2nd Ice-Binding Protein Conference
August 4 - 7, 2014. Hokkaido University, Sapporo JAPAN
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AWARDS
 

Lifetime Achievement Award to Dr. Charles Knight
Three years ago at IBP2011, we were able to honour Art Devries with the first Lifetime Achievement Award for his work that set the antifreeze protein field in motion. We are continuing this tradition three years later at IBP2014 and are delighted to be able to give the 2014 Lifetime Achievement Award to Dr. Charles Knight.
There are times in scientific research when the cross-fertilization between two different disciplines can move the field forward in a quantum leap.  This is exactly what happened when Charlie’s expertise was brought to bear on the understanding of how antifreeze proteins interact with their ligand – ice. Charlie, originally trained as a geologist, has spent most of his career as an atmospheric scientist at NCAR in Boulder, Colorado.  Figure 1 shows Charlie nearby other boulders in the Colorado Rockies.
Charlie’s first exposure to antifreeze proteins came when he was invited by Jack Duman to give a talk on the nucleation and growth of ice crystals at the Cryobiology meeting in St. Louis in 1981. Initially, Charlie was skeptical about freezing hysteresis – the lowering of the freezing temperature below the melting point. Following from this meeting, Art DeVries provided him with some AFGP, so he could convince himself that freezing hysteresis really existed. Well, he was convinced, and so began a series of seminal contributions to the field. One of the first thoughts was that freezing hysteresis should be accompanied by melting hysteresis. This was neatly demonstrated by studying the faceting and other effects of AFPs on ice pits where they demonstrate a resistance to melting and show that ice can be superheated. This proof was published in Science in 1989, one of many papers that Charlie has published in high impact journals.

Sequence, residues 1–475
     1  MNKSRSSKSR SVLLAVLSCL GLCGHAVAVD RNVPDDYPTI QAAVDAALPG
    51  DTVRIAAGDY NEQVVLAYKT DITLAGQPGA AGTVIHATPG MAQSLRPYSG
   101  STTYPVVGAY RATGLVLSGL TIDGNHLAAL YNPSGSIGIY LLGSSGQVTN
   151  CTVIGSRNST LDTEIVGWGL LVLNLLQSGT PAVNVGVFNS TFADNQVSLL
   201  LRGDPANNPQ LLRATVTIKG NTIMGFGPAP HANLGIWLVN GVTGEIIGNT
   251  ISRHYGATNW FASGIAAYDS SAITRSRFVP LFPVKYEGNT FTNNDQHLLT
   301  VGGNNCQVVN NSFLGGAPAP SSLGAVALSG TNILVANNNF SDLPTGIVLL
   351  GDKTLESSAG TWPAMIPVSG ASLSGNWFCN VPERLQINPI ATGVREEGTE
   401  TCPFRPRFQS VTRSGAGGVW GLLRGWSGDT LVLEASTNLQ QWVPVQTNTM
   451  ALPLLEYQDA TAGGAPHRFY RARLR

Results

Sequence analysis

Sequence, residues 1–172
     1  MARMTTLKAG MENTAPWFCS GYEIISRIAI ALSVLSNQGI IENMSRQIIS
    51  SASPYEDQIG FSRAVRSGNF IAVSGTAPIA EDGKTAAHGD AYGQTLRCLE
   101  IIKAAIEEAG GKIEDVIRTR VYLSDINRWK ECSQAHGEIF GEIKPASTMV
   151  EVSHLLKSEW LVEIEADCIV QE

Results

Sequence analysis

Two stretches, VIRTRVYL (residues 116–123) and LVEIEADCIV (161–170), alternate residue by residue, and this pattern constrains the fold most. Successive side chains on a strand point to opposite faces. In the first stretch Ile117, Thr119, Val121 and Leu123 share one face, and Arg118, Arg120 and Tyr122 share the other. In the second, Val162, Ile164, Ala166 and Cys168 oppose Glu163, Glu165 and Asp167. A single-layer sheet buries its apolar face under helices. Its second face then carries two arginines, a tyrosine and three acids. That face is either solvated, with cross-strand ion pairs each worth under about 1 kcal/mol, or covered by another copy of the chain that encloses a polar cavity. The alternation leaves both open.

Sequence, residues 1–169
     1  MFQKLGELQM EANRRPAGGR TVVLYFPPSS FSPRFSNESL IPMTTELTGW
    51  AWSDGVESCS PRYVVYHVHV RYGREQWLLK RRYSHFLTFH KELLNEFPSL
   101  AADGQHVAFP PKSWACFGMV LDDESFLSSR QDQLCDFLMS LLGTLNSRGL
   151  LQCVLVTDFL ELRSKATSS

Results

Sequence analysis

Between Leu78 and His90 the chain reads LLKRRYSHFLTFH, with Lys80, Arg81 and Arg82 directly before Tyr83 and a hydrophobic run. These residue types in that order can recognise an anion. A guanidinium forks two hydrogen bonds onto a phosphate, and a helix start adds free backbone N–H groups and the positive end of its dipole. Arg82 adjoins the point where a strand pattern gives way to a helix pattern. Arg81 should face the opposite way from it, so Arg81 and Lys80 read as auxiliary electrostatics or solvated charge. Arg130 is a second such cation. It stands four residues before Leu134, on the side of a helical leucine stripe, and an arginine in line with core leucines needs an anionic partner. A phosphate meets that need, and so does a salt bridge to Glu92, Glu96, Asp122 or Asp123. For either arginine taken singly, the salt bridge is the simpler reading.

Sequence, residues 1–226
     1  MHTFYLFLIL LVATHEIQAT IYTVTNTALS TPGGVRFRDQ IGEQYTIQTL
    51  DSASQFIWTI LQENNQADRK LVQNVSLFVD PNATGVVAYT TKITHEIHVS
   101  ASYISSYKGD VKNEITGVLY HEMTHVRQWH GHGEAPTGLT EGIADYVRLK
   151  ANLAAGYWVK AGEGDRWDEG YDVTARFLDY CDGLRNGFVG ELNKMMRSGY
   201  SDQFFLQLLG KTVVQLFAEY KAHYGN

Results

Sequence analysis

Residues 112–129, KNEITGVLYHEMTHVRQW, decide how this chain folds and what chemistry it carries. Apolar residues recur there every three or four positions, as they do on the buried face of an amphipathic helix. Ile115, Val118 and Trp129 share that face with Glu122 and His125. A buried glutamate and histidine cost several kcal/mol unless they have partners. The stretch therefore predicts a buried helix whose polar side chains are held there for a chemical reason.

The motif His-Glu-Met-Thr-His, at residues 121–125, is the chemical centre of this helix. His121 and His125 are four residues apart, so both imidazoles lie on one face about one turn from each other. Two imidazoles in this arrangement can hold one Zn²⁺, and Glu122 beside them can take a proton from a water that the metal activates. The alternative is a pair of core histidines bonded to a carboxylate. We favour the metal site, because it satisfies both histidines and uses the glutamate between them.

Following from the observation of stable thermal hysteresis is the argument that antifreeze proteins must irreversibly bind to ice.  Another Eureka moment for Charlie came from growing a single-crystal hemisphere in a dilute antifreeze solution, with the intention that the bound protein would be incorporated in the ice and overgrown. The antifreeze protein was conveniently revealed by sublimation, and these etch patterns showed its adsorption "plane" on ice. For the linear, alpha-helical antifreezes (Figure 2) the resultant etches also gave the orientation of the molecules on that plane. Those of us who have learned this technique directly or indirectly from Charlie have benefitted greatly from this ground-breaking work.
Charlie has made many other contributions at the interface of ice physics and antifreeze proteins – on the recrystallization of ice in the presence of AFPs, and in explaining the effect of antifreeze protein concentration on thermal hysteresis value despite the irreversibility of AFP binding. I hope we will hear more about these advances in today’s talk. We have appreciated Charlie’s contributions over several decades at many levels, as a scientist, innovator, senior colleague, and even as a reviewer who has improved the accuracy and quality of many publications. Today (August 6, 2014) we are here in Sapporo to celebrate these accomplishments with the presentation of the Lifetime Achievement Award (Figure 3). But as the name suggests it is a lifetime award, and the fact that you (Charlie) are able to retire from the National Centre for Atmospheric Research does not release you from our earnest wishes that you will continue to participate in the antifreeze field.  
On behalf of all of us here, and other colleagues who would like to here but could not attend, Sakae would like to present you with a plaque to commemorate your contributions, and we have a little gift for you that symbolizes the recrystallization of ice and the growth of small ideas into hypotheses and theories (Figure 4). It also symbolizes the global antifreeze community present here today who have benefitted from your research and scholarship, and as Ido Braslavsky remarked it reminds us of the ice hemispheres you pioneered for the etching experiments (written by Peter Davies).

Best Presentation Award to Seven Students
The volunteer members of the conference (Drs. Gen Sazaki, Jack Duman, Brian Sykes, and Maddalena Bayer-Giraldi) scored the ability of the students who performed the poster presentation, and decided to provide the Best Presentation Award to Ran Drori, Shiran Zalis, Hauke Kobarg, Jing Cheng, Joana Gronow, Corey Stevens, and Federico Lanciai among the total of 21 candidates.

Copyright 2013-2014 Sakae Tsuda, AIST & Faculty of Life Science, Hokkaido University.